Putting Things Into Perspective - Tonn's Travels
View from the Hole 8 tee at the North Carolina State University Centennial Campus in Raleigh, NC.

There being nothing I could do, and not knowing what else to do, I continued on my way to NCSU, to check out a short nine-hole course not too far from our housesit. But my heart/head just wasn’t in it. I ended up shooting a -1 (26) for an estimated round rating of 861. But I could have shot a 126 and just felt lucky to be alive. As I know at least one person wasn’t going home tonight. And at least one family was getting the phone call that none of us ever want to receive. 🙁

Magic Number = 174 (1,826 Courses Played)

How it All Got Started: Tonn’s Travels >>
A main purpose of this blog will be to share information, helpful tips and tricks (everything from health and fitness to methods for saving money while you’re out “bagging courses” of your own), and ideas for better, safer course design. But I am also hoping to inspire others with my passion for the sport, via the stories I can share about all of the interesting experiences I have. All of the interesting people I meet. All of the amazing courses I am blessed to have the opportunity to play. If I can inspire even a handful of individuals to get off the couch, get “out of their bubble” or “security blanket” and explore more of this big, beautiful planet we all call home? Then I will consider this effort a success.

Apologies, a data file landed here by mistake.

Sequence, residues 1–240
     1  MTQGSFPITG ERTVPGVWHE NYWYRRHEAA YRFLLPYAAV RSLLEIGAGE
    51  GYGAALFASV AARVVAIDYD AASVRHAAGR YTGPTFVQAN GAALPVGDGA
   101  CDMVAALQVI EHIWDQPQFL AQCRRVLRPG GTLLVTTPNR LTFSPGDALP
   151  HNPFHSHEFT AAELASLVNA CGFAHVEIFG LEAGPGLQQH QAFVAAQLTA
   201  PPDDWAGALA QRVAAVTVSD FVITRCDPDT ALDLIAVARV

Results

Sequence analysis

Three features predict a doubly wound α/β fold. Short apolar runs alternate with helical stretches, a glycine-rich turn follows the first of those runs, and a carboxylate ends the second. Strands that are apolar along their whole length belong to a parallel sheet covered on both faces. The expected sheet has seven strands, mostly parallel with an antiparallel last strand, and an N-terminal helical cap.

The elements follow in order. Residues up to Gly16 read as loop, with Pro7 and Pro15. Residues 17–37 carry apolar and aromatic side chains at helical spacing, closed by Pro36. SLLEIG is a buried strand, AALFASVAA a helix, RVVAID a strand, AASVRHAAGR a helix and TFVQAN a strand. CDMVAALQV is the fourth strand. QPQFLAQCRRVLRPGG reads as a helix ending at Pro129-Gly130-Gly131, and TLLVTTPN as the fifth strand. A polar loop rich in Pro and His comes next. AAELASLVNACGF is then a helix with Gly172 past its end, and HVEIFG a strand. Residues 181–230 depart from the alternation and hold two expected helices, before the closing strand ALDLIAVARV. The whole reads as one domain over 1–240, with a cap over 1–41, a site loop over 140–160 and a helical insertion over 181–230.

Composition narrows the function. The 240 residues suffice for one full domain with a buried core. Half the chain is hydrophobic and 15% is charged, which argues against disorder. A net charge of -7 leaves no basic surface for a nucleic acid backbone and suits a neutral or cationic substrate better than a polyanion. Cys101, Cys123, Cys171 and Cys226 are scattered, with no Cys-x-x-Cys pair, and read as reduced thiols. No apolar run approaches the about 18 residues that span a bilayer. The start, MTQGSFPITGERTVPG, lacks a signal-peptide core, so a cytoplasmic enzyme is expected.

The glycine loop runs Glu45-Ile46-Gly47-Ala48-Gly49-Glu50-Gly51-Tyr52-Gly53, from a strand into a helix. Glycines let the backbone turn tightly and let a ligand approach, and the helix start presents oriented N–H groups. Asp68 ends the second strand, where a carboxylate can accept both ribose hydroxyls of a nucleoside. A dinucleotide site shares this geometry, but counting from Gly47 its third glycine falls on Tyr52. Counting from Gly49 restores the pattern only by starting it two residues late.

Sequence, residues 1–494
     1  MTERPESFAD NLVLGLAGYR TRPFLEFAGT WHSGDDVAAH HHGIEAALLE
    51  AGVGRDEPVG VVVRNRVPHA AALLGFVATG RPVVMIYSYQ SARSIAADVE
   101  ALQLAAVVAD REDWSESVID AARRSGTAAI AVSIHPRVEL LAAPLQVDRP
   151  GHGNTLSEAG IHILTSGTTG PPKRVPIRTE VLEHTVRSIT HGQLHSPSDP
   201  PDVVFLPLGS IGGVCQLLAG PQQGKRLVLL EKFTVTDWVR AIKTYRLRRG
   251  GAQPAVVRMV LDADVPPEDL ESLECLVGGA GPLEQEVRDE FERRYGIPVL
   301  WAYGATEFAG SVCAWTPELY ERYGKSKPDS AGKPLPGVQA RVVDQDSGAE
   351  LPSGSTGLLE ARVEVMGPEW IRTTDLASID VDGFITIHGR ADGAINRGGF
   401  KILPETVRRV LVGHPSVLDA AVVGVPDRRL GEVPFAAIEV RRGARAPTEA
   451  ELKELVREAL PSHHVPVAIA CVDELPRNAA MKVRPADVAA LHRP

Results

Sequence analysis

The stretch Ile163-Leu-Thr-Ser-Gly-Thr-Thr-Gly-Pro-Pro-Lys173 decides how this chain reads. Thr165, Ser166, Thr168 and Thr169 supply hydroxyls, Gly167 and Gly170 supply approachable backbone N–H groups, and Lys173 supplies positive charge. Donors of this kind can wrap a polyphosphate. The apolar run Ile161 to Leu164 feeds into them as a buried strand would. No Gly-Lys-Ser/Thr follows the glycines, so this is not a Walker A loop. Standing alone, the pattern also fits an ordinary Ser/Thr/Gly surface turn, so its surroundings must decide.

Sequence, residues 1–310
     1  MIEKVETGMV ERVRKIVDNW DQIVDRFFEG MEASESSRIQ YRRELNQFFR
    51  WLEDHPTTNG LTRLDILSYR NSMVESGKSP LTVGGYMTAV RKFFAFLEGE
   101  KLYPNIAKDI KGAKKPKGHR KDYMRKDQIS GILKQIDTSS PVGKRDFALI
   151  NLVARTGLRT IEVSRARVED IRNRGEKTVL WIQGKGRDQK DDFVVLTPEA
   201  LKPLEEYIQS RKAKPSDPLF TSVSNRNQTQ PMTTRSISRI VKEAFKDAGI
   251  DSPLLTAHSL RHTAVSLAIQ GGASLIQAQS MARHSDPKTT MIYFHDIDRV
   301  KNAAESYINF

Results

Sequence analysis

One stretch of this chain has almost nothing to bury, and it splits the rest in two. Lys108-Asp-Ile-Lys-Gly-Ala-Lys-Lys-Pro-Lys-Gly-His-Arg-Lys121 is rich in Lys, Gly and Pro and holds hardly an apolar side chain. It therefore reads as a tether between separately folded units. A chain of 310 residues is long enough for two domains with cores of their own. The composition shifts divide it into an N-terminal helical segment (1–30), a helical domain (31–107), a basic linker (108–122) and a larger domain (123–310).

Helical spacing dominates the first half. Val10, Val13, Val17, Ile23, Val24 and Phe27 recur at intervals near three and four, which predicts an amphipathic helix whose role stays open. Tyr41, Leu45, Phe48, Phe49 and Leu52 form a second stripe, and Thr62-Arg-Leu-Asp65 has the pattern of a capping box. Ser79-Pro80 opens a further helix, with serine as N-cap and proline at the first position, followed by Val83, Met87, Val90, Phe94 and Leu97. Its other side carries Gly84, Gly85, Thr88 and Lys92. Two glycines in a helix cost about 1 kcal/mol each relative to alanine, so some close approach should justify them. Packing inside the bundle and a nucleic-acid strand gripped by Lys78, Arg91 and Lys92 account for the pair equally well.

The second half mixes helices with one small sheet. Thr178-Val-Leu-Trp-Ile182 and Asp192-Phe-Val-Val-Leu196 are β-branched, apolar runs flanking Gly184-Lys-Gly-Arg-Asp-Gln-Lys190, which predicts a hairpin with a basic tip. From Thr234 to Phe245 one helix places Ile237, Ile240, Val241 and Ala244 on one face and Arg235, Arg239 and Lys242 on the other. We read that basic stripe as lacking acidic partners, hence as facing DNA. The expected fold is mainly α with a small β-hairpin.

About Derek

Putting Things Into Perspective - Tonn's Travels

Derek Tonn is a member of the DGA’s Ambassador Team. His company, Mapformation, LLC, has been DGA’s partner in the development of disc golf tee signage since 2012. The longer our two companies have worked together, and the more Derek has gotten to know all the great folks at DGA, the more he has wanted to formally sing the company’s praises. The more he has realized that “Steady” Ed’s (the father of disc golf and the modern-day Frisbee) vision for the sport and his company perfectly describes his own interests and priorities related to disc golf, and the more Derek has recently been encouraged to share his story.